obligatory i haven’t posted in too long text]
So, the book is about finished. It has gone off for a final proofread by my agent, and also for a review by an unsuspecting, anonymous guinea-pig reader. I’m very interested in what he or she has to say, since fresh perspective is hard to come by at this stage.
Anyway, we get to the nuts and bolts. An editor who loves the book is the first thing, but almost the easy part. The real task, i’m told, will be convincing the MONEY MEN. These cash fondling tycoons want to know – what already published book is this most similiar to, and how well is that selling? This is what they base their decision to buy on. So if you’ve written a medieval style fantasy with cut-throat characters, political intrigue, bloody violence, incest and a bit of dragon action, you can fit nicely into the Game of Thrones market. If you write magic thief heist books, you might be likened to Scott Lynch. You’re up against some stiff competition, for sure, but at least the MONEY MEN know what you are, and maybe you can just jump-start a career in the wake of these eminent scribes.
But what if you your book isn’t so obviously like anything else? Isn’t that a good thing? It should be, really, but it can be a hindrance in this DEADLY CUT-THROAT MARKET OF DOOM. So it helps to be able to reel off a quick, reductive branding of your book.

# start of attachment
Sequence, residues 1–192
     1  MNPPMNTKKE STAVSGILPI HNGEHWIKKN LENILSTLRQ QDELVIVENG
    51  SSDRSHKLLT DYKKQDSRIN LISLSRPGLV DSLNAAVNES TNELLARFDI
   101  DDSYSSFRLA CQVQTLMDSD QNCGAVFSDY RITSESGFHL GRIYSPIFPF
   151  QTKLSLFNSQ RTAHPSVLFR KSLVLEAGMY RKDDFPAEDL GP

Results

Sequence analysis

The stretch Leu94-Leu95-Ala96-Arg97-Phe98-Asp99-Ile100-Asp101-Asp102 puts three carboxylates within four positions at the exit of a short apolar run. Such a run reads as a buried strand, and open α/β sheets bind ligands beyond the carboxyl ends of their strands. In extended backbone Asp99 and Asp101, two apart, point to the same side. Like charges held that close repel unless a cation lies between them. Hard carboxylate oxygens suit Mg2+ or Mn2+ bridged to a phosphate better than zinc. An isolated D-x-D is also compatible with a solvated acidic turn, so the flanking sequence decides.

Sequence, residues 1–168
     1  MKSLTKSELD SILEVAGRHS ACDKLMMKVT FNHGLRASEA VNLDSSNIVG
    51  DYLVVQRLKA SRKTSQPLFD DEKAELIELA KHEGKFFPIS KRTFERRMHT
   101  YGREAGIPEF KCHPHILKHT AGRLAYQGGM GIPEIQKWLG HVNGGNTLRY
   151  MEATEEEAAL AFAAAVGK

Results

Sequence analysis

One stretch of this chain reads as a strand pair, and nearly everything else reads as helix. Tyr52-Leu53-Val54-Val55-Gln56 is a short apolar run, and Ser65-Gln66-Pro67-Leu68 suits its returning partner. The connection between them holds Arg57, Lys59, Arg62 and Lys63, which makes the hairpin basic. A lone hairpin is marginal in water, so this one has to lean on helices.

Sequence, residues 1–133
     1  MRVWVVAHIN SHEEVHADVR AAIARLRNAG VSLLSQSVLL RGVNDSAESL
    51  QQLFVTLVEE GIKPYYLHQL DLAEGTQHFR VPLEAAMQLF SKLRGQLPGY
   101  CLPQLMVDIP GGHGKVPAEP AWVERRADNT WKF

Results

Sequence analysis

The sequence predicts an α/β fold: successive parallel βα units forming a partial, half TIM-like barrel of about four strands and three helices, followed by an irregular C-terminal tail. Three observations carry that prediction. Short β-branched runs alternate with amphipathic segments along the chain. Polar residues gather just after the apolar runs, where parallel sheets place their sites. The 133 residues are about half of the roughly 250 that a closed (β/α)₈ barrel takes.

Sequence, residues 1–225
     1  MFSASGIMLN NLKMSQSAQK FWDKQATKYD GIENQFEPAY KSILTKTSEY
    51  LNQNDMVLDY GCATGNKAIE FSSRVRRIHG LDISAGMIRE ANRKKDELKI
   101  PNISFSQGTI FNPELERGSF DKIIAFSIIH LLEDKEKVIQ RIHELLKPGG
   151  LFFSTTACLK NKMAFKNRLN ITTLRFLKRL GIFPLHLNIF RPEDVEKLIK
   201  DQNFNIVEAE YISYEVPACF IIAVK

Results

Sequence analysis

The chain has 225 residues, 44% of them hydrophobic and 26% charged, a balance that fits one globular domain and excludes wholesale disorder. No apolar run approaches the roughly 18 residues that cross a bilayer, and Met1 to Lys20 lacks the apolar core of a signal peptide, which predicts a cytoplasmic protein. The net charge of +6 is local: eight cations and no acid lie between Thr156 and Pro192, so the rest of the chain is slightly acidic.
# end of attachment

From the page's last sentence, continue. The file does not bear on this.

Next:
But THE BASTARD WONDERLAND struggles to fit in. It’s like that rough looking kid in your class who’s got a ‘tache and smokes cigs round corners. It’s fantasy, sure, because its a fictional world. But not what’s called ‘high fantasy’, with elves and dragons and magic and all that shit, and twee maps with mountains and little dinky trees (don’t get me wrong, i used to love this stuff). There is a bit of magic and mysticism, but its quieter, and not so world defining. Is there such a thing as ‘Low Fantasy?’ The fantasy comes more in almost a sort of alternative history, where we see a post-colonial, rapidly industrialising world, roughly anlagous to North America. There are airships, and a bit of nascent steam and organic technology, but not enough, nor with the right trappings to warrant a steampunk label entirely; we have some rifle based military scenes, but its not a military book. The hero is basically a bloke from Hull. He’s not a prince, or a hero of destiny. He’s a rough-arsed, smoking layabout. He’s too old to be a Bildungsroman. He’s not all that angry, or desperate for revenge or justice so much as just generally cantankerous. He swears a lot, argues with his dad (a lot), and lacks direction. Its not fantasy staple.
So in terms of likening TBW to what’s already out there, i struggle, especially in likening it to other books. Perhaps Joe Abercrombie? He’s got swearing. And a sense of humour. And northmen(albeit not the Yorkshire type). Mix with Steptoe and son. Shoot at them. Add guest ales, shellfish, and a panic stricken samurai guerilla.
Look, i just don’t know what it is, alright? That’s why i have an agent! He has his work cut out for him, that’s for sure.
Look out, MONEY MEN! Something unfathomable is comin atcha! It’s the new new! It could make
enough for a round of drinks and a packet of quavers millions!